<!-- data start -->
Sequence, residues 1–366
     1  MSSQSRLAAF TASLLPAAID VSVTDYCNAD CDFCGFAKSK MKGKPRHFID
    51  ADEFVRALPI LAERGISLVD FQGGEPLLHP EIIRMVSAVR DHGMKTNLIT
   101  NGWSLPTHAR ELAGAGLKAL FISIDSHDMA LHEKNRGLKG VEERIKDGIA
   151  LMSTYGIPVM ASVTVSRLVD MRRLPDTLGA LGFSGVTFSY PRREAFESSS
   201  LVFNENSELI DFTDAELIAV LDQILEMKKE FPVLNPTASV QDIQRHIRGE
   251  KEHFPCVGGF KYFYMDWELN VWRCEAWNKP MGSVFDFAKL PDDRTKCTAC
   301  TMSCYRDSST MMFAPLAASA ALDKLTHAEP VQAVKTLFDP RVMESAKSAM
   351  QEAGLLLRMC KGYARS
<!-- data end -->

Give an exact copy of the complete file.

Sequence, residues 1–366
     1  MSSQSRLAAF TASLLPAAID VSVTDYCNAD CDFCGFAKSK MKGKPRHFID
    51  ADEFVRALPI LAERGISLVD FQGGEPLLHP EIIRMVSAVR DHGMKTNLIT
   101  NGWSLPTHAR ELAGAGLKAL FISIDSHDMA LHEKNRGLKG VEERIKDGIA
   151  LMSTYGIPVM ASVTVSRLVD MRRLPDTLGA LGFSGVTFSY PRREAFESSS
   201  LVFNENSELI DFTDAELIAV LDQILEMKKE FPVLNPTASV QDIQRHIRGE
   251  KEHFPCVGGF KYFYMDWELN VWRCEAWNKP MGSVFDFAKL PDDRTKCTAC
   301  TMSCYRDSST MMFAPLAASA ALDKLTHAEP VQAVKTLFDP RVMESAKSAM
   351  QEAGLLLRMC KGYARS